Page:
Remember every fall? Charlie Brown would once again join the fray and attempt, in the spirit of fall sports, to kick the football. He would give himself a real "One for the Gipper" type of pep talk. The mantra was much like the famous story of "The Little Engine that Could", and Good Ole Charlie Brown would work himself up into a fine, right state. And as always, Lucy was there to insure that he fell flat as she swooped the ball away, at the last possible moment, as she did every single other time.
But, give Charlie Brown credit, as he never completely gave up, and he never lost faith in humanity, not even Lucy. Time and again, he would accept her assurances that this was the time, and everything was going to go perfectly-no deceptions, no lies, no dirty tricks. I am finding as this job search process wears on, that I am understanding and identifying pretty heavily with Charlie Brown, while at the same time wishing for Linus' blanket.
I am beginning to view the HR people, when you finally actually get to meet one face to face, as being my "Lucy". (There to swoop the job right out from under me after assuring me over and over again how qualified I am, how anxious they are to meet me in person.)
And just as there was no real explanation for why Lucy wanted to foil Charlie Brown's efforts each and every time, so too, am I left baffled as to what exactly went wrong with this process.
Having overcome all the layers, from online applications, resume submissions, through multiple phone interviews (sometimes followed by personality and skills assessments), to finally being invited for the face to face, "let's get down to the nuts and bolts of this job", meetings, and then to have the rejection email in my inbox before I have time to drive home.
And yet, just as Charlie Brown, you cannot give up. You have to give yourself the pep talk. You have to restore your faith in humanity at large, and you have to try again, and again, and again. I must admit that it is becoming quite hard to maintain that positive attitude (other than being positive that you are getting the rejection email, if you hear anything further at all.)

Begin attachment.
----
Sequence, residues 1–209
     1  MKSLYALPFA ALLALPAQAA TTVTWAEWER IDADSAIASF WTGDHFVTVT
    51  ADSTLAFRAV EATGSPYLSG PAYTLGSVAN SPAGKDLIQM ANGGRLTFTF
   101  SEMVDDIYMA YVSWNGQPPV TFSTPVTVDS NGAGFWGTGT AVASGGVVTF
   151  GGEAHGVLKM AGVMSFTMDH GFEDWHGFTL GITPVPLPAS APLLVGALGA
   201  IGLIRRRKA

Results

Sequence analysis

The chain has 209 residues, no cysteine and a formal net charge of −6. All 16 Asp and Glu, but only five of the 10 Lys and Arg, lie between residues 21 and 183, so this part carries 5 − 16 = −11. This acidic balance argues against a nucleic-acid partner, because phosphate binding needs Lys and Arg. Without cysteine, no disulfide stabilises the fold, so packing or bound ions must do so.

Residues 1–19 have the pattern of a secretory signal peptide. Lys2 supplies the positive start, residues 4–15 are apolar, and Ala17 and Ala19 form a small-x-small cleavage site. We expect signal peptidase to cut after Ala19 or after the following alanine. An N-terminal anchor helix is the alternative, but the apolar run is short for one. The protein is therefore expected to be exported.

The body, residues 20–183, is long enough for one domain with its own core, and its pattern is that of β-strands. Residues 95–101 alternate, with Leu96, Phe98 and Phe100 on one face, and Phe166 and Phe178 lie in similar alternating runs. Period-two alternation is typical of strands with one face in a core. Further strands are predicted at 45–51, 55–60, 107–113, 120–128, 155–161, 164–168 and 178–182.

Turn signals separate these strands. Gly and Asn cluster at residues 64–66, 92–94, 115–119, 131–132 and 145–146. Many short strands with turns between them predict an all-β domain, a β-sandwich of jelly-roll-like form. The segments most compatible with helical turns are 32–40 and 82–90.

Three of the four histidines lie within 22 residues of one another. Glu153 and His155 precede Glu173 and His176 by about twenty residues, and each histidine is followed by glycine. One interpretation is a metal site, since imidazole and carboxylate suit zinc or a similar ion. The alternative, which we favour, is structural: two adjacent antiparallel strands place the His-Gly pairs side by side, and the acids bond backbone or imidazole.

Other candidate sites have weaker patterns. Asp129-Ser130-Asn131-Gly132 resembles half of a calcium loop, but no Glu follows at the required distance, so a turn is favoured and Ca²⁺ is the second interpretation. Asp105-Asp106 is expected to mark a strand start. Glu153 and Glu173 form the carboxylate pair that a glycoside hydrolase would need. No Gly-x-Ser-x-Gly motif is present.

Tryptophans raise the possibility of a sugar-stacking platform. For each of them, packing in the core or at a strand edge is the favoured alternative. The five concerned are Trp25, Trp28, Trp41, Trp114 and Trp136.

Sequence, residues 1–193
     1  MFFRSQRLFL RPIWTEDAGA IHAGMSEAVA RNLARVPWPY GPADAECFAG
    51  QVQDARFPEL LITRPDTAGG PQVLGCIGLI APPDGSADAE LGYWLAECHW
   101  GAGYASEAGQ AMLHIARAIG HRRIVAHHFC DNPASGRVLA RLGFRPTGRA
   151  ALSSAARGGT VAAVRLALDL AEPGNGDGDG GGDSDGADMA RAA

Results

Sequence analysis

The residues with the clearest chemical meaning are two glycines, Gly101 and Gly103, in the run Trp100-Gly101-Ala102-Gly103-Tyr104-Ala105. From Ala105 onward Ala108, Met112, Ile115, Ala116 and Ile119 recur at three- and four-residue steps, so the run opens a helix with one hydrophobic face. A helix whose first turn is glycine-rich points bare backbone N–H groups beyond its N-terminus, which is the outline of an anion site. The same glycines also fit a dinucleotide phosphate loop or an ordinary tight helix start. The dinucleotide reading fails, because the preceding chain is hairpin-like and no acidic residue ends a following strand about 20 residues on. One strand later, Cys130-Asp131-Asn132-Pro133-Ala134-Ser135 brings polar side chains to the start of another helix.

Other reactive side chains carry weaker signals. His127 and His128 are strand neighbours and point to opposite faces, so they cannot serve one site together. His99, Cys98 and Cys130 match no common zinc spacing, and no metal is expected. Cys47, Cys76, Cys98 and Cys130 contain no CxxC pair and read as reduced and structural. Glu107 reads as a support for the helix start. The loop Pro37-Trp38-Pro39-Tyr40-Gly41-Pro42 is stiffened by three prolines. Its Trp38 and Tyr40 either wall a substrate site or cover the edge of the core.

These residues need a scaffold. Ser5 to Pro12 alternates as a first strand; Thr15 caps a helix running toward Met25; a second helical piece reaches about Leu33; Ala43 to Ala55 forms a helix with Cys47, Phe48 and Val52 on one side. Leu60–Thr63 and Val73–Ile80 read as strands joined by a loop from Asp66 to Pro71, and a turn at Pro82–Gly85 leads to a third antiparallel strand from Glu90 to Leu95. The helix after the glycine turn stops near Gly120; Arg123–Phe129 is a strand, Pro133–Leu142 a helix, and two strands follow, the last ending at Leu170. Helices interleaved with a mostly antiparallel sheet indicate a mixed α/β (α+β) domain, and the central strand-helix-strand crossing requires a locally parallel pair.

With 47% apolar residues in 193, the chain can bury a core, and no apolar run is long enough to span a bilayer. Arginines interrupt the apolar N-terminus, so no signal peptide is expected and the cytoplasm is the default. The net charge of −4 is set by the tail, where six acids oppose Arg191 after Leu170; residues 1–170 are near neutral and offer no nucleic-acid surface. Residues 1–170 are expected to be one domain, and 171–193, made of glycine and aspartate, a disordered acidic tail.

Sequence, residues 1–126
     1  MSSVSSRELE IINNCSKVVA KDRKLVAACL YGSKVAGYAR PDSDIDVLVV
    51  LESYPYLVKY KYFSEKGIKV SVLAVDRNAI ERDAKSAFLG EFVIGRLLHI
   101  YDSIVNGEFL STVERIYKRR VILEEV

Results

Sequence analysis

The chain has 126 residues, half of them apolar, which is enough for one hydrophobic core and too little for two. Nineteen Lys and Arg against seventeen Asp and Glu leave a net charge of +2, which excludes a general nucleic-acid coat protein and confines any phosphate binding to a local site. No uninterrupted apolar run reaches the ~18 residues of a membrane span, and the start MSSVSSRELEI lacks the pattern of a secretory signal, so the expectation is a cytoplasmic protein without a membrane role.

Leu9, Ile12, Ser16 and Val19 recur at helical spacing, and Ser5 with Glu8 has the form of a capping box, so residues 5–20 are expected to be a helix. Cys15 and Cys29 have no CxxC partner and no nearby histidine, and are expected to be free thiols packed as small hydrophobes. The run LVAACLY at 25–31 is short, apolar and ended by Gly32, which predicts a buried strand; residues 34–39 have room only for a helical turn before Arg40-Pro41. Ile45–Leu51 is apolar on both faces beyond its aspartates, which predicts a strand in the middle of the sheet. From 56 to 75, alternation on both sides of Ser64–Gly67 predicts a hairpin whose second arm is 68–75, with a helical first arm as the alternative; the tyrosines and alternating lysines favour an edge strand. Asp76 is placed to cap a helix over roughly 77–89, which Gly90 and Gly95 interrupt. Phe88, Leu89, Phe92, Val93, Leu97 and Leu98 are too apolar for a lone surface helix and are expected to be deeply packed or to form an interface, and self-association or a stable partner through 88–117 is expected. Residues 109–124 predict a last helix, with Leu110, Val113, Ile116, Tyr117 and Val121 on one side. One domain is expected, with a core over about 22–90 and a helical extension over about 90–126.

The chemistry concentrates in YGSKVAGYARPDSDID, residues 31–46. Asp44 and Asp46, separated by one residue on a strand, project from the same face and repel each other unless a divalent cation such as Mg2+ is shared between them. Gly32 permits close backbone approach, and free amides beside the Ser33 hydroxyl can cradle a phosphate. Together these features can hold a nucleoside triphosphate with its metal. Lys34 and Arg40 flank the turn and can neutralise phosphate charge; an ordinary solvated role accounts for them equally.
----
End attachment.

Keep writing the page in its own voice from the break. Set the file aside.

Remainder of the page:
Why does Charlie Brown persist? There is a saying that being insane means continually trying the same tactics over and over again, expecting different outcomes. I mean, really, why doesn't Charlie Brown take up bowling or something that doesn't necessarily rely on somebody else?
I have had many conversations with other unemployed folks, many of whom have become so disgusted and discouraged that they no longer have any interest in the game whatsoever. Some have come to the conclusion that the only way that they will ever have a job is if they create one for themselves, outside the organized league as it were.
They are definitely opting out on ever successfully kicking that football. And what I find most significant about Charlie Brown is that he doesn't have a particular goal in mind other than the chance to kick the football. It isn't as if there is a game, where somebody will receive his kick and move it down the field to score.
He just wants to kick the football, to have the satisfaction of completing that simple, personal challenge. He isn't going to become a hero, or even win a game. The satisfaction must come from simply completing the task. Given that, I am finding unemployment to be an eerily similar set of circumstances. The goal, at this point, is to have a job, something to do, something that allows you to pay bills and pursue the other things in life that have meaning.
Perhaps Charlie kicking that football would open the door to other things in his life that had significant' meaning. Kicking the ball is only a means to an end, rather than being the end in itself.
If the overall economy weren't so poor, and if there weren't so many people hurting, and many with greater problems than mine, I might give consideration to "taking up bowling" and trying to create my own employment.
The United States was built on entrepreneurial spirit, but the general climate of our economy, and the mood of present government doesn't seem to aid or welcome that spirit. It would appear that the story of Tucker and his car, rather than being a scandal or indictment of power abused, has become the norm.